Joel Rosenberg

Joel Rosenberg  is one of the most committed evangelical Christian supporters of Israel, and a man of fierce intelligence. I conducted a phone interview with Rosenberg to talk about his politics and how it relates to his understanding of biblical prophecy.

Rosenberg was raised in upstate New York by parents who became born-again Christians. He has had a twenty-year career in media and politics, having worked for Rush Limbaugh and the presidential campaign of Steve Forbes, and serving as advisor to both Natan Sharansky and Bibi Netanyahu. Rosenberg joked that he gave up on the career of a political consultant to become an author, in part due to his losing record in campaigns. Of course, routinely backing losers never stopped some consultants -- such as Bob Shrum, now 0-8 in presidential campaigns -- or Cubs fans.

Rosenberg has written five novels relating to terrorism, and in some of them he has depicted events that actually occurred after he wrote them (kamikaze plane attacks on American cities before 9/11, the discovery of huge amounts of oil and natural gas off the coast of Israel, a war between America and Saddam's Iraq, an Iranian leader vowing to wipe Israel off the map, Turkey abandoning  its  20th-century alliances and becoming a foe of the West). 

Rosenberg says that he studies politics and international affairs, and he does not claim that his forecasts reflect any specific personal  prophetic powers. However, as a very knowledgeable student of the Bible, Rosen has found links between certain Biblical prophecies and international events. In particular he pointed to Ezekiel 38-39 and the story of Gog and Magog.

Rosenberg stated that evangelicals are Israel's best friends, and their commitment does not require any quid pro quo. He referred to Israeli Ambassador Michael Oren's book, Power, Faith and Fantasy, for the long history of evangelical attachment to a state of Israel. 

Rosenberg's father was raised in an Orthodox Jewish household, so his conversion to Christianity was unusual. As Dennis Prager has argued, most Jews who abandon Judaism do not convert to another organized religion, but rather move to nothingness -- and fill the void with an attachment to secular humanism or some other "ism" -- environmentalism, communism, progressivism.

Rosenberg  does not believe that  evangelical  support for Israel is related to an attempt to proselytize Jews. At the same time, he said that evangelicals cannot check "Jesus at the door," since Jesus was so central to their lives, and  they would not want to shut the door to those who might find what Christian believers had found for themselves. Rosenberg said that while very few Jews convert to Christianity, there are many Muslims who became Christian -- a story that is not often told, which in part explains the ferocious response to Christian minorities in some Islamist states.   

Many on the left view right-wing Christians as the real threat to America, rather than radical Islamists or terrorists. The threat posed by evangelicals is not to America, but to the success and political primacy of the left-wing agenda, which many religious Christians oppose. The Christian right has meaningful political power in America, while Islamists do not (though no American president has ever been as committed as Obama to advancing the interests of the Islamic world).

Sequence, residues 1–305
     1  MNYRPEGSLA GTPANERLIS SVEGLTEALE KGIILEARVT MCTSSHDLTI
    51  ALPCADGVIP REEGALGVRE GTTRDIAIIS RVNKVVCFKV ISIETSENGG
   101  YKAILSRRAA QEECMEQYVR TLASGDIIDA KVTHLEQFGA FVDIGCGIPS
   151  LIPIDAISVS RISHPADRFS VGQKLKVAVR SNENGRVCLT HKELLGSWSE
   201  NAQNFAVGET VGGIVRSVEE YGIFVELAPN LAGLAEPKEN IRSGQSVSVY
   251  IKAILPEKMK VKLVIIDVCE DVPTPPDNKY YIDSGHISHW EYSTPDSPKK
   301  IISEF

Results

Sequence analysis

The Christian right helped elect the hated George W. Bush, so they can be blamed by the left for the Iraq war, limitations on abortion, and any and all other policy initiatives during the Bush years. The left despises organized religion of any form (though they give a  pass to radical Islam so as to combat any label of Islamophobia, because some on the left share with Islamists a hatred of many "Western values," and since the left supports a multiculturalism that is paternalistic about Islam -- we can't judge it by our standards). 

Rosenberg has no qualms about writing or talking about the threat from terrorism or radical Islam, and he has more books on the subject coming. Rosenberg makes an American case for supporting Israel in addition to a biblical one. He sees the concert of Western values, the ties between two liberal democracies, the common threats the two countries face, their strategic alliance, and the shared Judeo-Christian heritage in this country. Barack Obama was the first president to explicitly attempt to break that link in his Inaugural Address, when he referred to America as a nation of Christians, Muslims, Jews, and non-believers. He followed that with attempts in his speeches to Muslim audiences abroad to greatly inflate the Muslim population of the U.S. and overstate Muslim contributions in America. If the president's goal is to separate the U.S. from Israel so as to curry favor with the Muslim world, one way to plant the seeds for that is to attempt to replace Jews with Muslims in the nation's heritage and composition.

Rosenberg and his allies on the Christian right have been in the vanguard of those who see the current  threats to the U.S.-Israel alliance,  the danger of these new policies to Israel's security, and the menace of a nuclear-armed Iran. Rosenberg sees rapidly growing acceptance of evangelical support for Israel by American Jewish Zionists. While some secular Jews mock evangelicals, they also mock observant Jews. As Dennis Prager has argued, there are more links between the observant Christian and Jewish communities than between observant and secular Jews, or observant and secular Christians.

This Christian support for Israel will be on display at the upcoming Christians United for Israel conference, which will be held in Washington, D.C. July 20-22. Rosenberg will be speaking at a conference in Chicago in October.